Rotation set; Matsuzaka to pitch Game 1

The pitching matchups are set.

Terry Francona announced the Red Sox’ rotation for the ALCS at a press conference at Fenway Park this afternoon, and Rays manager Joe Maddon later confirmed his plans during his meeting with the media at Tropicana Field.

Here’s the breakdown:

Game 1: Daisuke Matsuzaka vs. James Shields
Game 2: Josh Beckett vs. Scott Kazmir
Game 3: Jon Lester vs. Matt Garza
Game 4: Tim Wakefield vs. Andy Sonnanstine
Game 5*: Matsuzaka vs. Shields
Game 6*: Beckett vs. Kazmir
Game 7*: Lester vs. Garza
(*if necessary)

Francona said he set the rotation by trying to limit complications — everyone gets enough rest, no one gets too much. His primary rationale was, the top three pitchers will each throw two games if the series goes seven games, so the order is not of primary importance.


“That’s the way we’re set up to go,” Francona said. “The reasoning is actually pretty simple. I thought this was how it would shake out, even before we did the media after we beat [the Angles]. We just needed to take the proper time and think it through.

“You could get into a lot of details, but there really didn’t need to be. The way it lined up was appropriate. Again, for us, those three will pitch twice if it goes to seven. In the end, as long as they’re pitching, the order isn’t as important. So then you go, ‘OK. What’s best for them?’

“It gives people rest – not too much rest, not too little. This is probably the best way. We didn’t want one going on eight [days rest], one guy going on regular. Keep everybody somewhat in line. Rest at this time of year is huge. We’ll take advantage of it while trying not to give too much.

“Guys that pitched 1, 2, and 3 are lined up for 5, 6, and 7. Nobody is going to throw three. So having those three twice is really what’s important, regardless of how they lined up.”


Francona, as he has in the past, did not stress pitching his best pitchers early in the series, the logic beind simple: If you need a great pitcher to win, say, Game 6, then you’re doomed, anyway, so it’s best to ensure proper rest. Francona felt no need to throw Lester – the dominant force of the ALDS who pitched 14 innings without surrendering an earned run – on regular rest in Game 2.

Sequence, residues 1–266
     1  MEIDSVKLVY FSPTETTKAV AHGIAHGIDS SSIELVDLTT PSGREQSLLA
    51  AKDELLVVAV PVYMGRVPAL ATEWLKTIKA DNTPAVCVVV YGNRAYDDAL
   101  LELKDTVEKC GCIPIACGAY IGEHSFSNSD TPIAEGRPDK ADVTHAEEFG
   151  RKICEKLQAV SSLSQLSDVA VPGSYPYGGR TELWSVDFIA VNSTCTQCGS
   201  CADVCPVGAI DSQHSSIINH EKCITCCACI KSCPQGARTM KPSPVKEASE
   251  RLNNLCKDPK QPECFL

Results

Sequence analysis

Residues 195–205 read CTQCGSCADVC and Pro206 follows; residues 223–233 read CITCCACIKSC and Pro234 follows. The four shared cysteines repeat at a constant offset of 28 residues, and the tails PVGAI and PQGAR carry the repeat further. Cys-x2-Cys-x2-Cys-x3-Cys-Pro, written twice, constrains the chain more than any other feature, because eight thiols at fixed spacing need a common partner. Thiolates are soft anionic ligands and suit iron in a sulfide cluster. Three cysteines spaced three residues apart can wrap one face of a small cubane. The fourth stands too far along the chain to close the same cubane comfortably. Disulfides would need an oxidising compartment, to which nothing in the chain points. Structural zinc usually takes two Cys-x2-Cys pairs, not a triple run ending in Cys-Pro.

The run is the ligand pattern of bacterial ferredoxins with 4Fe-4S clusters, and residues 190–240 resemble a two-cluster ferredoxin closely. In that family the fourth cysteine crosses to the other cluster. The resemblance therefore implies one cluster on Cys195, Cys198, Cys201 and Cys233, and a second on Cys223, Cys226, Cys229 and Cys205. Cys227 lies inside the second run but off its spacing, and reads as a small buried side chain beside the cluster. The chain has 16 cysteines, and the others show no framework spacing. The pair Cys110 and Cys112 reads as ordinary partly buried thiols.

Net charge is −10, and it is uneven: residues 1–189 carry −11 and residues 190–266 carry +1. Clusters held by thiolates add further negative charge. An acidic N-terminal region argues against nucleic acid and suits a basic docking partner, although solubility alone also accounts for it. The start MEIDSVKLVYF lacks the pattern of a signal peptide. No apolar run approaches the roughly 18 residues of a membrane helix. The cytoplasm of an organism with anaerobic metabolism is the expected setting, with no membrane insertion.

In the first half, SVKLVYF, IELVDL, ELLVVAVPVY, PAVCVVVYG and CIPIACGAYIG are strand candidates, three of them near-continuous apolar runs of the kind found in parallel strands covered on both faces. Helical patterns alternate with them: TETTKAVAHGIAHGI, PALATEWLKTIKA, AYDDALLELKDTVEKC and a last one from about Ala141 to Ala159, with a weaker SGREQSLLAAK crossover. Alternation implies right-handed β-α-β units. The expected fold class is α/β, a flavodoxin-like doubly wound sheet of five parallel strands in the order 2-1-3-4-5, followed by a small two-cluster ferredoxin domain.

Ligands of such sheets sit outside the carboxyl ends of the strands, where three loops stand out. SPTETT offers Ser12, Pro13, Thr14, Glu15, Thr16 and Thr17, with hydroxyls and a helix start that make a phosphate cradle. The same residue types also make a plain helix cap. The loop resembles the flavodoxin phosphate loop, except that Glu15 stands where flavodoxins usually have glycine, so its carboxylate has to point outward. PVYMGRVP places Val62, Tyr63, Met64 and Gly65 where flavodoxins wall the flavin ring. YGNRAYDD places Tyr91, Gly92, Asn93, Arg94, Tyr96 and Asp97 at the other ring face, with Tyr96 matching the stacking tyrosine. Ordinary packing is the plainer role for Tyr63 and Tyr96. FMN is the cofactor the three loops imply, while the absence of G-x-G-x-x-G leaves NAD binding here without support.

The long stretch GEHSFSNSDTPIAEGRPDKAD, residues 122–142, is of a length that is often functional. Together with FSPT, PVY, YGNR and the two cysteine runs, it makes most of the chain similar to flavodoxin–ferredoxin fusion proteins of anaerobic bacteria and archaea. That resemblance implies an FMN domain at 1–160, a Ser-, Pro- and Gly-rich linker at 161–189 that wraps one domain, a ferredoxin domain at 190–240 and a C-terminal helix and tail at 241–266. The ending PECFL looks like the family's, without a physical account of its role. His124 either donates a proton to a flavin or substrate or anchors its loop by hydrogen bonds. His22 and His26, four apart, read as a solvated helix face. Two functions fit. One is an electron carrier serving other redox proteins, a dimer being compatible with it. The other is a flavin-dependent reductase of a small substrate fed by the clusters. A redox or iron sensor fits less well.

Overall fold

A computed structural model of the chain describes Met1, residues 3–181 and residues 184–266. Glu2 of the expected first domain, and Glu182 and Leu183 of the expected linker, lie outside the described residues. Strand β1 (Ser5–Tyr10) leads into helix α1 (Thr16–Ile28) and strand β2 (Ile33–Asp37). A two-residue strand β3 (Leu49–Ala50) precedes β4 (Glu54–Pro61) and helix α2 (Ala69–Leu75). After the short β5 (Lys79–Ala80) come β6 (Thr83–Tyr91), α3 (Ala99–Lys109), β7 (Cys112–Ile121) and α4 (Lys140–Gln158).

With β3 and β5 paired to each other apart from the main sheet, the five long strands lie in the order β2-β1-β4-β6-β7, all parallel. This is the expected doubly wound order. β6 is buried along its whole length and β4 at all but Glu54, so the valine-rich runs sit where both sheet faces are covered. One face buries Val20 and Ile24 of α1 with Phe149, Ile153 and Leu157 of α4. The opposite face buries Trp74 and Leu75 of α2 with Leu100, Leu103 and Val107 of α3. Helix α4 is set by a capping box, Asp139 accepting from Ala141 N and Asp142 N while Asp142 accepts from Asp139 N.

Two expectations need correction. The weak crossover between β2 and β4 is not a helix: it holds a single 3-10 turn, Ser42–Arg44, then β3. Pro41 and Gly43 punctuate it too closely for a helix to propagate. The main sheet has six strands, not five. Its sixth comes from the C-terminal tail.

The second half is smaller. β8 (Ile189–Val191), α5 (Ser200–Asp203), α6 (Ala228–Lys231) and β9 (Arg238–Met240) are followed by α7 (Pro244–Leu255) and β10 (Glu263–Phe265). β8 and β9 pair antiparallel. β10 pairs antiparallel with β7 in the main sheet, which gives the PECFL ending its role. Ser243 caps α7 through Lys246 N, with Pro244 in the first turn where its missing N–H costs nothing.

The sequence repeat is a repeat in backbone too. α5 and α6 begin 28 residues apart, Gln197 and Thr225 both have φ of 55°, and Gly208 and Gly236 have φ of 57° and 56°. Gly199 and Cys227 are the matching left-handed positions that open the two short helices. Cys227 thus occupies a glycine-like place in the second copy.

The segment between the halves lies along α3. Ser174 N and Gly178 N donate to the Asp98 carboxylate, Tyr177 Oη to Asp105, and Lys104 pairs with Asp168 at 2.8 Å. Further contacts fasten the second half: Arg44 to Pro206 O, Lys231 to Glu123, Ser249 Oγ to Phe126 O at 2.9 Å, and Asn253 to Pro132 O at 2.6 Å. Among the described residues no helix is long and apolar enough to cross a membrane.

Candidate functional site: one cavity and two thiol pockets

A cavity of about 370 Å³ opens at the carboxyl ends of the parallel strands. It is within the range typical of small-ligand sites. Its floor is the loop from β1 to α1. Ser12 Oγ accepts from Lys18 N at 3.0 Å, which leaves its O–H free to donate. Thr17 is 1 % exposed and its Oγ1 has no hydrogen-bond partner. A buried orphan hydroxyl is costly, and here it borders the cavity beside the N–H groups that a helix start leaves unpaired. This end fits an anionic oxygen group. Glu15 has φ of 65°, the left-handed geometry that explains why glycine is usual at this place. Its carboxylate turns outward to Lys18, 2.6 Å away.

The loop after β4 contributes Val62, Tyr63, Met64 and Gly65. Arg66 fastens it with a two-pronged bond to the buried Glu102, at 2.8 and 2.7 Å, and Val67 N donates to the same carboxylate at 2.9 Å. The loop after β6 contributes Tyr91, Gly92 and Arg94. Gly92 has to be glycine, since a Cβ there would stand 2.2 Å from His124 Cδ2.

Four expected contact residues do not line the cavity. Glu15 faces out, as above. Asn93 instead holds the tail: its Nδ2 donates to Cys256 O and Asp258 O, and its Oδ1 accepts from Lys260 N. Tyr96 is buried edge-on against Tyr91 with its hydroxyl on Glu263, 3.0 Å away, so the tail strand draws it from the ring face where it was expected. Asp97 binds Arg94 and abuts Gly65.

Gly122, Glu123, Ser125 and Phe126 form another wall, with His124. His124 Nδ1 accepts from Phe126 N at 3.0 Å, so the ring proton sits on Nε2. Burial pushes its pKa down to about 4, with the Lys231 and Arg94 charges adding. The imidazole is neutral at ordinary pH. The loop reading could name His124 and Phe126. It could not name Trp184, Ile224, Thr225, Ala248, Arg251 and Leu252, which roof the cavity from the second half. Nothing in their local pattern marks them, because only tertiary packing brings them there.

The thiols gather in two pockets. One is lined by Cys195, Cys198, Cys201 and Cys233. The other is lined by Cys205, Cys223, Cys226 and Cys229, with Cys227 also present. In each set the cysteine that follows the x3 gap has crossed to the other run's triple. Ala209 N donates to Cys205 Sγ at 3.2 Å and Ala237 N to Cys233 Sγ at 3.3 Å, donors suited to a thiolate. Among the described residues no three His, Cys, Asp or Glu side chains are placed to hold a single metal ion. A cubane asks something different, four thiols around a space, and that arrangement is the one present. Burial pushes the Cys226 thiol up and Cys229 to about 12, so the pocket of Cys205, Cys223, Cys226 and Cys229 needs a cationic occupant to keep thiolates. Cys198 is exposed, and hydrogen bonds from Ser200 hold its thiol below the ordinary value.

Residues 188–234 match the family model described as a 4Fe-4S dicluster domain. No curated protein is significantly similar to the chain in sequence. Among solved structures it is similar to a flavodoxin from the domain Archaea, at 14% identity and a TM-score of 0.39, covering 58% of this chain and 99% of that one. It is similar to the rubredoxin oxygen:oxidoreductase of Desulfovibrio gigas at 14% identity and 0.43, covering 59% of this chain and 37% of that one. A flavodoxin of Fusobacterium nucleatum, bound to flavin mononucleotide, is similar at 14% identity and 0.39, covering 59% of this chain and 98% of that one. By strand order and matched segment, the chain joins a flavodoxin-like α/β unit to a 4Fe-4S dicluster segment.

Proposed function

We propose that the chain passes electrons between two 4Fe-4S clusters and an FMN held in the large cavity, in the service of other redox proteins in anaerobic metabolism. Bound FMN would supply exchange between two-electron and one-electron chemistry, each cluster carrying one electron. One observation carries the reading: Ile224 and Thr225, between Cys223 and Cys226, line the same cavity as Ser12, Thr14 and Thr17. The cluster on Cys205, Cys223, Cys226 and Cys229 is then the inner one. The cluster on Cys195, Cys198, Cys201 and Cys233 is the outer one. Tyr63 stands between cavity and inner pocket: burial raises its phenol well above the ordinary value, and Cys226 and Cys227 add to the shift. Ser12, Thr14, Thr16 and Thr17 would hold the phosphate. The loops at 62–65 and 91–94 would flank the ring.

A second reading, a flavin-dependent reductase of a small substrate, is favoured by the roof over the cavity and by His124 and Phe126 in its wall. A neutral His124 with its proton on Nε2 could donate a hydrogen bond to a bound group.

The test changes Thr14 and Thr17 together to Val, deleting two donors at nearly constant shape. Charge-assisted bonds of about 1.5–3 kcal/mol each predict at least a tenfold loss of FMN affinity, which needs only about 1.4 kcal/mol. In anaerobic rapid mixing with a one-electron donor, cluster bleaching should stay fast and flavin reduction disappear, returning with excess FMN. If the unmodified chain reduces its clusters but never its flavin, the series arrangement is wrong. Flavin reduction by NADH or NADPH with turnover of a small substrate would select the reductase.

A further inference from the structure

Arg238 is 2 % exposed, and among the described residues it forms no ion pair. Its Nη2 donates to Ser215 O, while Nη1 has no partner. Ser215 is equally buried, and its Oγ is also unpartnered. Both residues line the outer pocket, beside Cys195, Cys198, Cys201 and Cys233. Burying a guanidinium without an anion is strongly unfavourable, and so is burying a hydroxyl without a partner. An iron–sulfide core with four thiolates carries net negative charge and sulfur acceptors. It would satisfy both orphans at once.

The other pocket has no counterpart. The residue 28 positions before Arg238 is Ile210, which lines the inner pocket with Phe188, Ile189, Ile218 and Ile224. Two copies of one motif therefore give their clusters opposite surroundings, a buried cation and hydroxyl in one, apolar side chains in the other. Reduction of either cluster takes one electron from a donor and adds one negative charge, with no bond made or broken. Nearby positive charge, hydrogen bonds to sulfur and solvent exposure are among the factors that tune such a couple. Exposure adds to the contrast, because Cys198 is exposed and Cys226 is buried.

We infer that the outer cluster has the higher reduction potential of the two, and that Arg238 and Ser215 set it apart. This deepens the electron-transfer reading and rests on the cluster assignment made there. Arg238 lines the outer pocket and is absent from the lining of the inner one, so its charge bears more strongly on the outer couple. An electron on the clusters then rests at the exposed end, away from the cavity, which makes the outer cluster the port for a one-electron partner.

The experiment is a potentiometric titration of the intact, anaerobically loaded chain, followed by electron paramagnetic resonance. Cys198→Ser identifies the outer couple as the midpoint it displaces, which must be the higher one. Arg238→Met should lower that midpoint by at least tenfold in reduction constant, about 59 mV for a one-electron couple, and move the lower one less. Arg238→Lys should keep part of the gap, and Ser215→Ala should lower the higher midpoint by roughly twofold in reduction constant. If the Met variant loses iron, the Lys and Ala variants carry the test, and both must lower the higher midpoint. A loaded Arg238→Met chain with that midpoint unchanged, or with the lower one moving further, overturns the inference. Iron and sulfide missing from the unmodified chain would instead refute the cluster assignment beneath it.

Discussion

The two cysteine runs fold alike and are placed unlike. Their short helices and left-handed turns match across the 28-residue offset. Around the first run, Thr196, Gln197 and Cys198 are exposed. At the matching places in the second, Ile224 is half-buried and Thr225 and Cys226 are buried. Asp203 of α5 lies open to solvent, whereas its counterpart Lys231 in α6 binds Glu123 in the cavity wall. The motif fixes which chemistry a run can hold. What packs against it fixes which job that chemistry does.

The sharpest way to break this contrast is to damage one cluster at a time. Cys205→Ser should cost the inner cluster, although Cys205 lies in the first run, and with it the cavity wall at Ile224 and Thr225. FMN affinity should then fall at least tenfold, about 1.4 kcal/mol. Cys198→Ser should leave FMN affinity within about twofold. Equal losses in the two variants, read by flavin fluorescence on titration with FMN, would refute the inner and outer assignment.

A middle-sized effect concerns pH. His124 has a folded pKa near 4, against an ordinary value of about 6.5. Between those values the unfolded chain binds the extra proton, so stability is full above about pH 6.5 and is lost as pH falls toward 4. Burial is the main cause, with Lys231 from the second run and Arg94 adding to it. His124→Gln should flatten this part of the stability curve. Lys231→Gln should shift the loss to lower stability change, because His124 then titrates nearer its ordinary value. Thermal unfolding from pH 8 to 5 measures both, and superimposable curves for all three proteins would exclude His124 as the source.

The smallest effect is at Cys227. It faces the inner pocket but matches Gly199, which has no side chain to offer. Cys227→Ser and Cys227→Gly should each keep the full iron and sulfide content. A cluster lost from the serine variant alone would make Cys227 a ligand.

“It’s best of seven. It’s not best of six,” Francona said. “The idea is to win the series, not win Game 6. I never quite understood that philosophy. Our idea, the way we set it up, is to win the series. If it’s such a big deal to pitch [Lester] in Game 6, what happens Game 7? We’ll give the guys the rest they need and set it up for the entire series. And then if you’re losing, don’t panic.”

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Meanwhile, in St. Petersburg, Fla., Maddon told the Tampa media that he’s comfortable with the order of his rotation, though there’s a chance he could use Sonnanstine before Game 4 and have Shields make his second start of the series on short rest.

“Theoretically perfect would be those four guys in a row [as we have it],” Maddon said. “[Shields] in the first game because he normally gets a little deeper in the game, Kaz in the second game if he runs into bit of a pitch count problem you have the bullpen fresher. [Then we have a day off] . . . and we know about Garza, but [Sonnanstine] has done consistently well this last month or so I don’t want to subtract Andy out of the mix either.”

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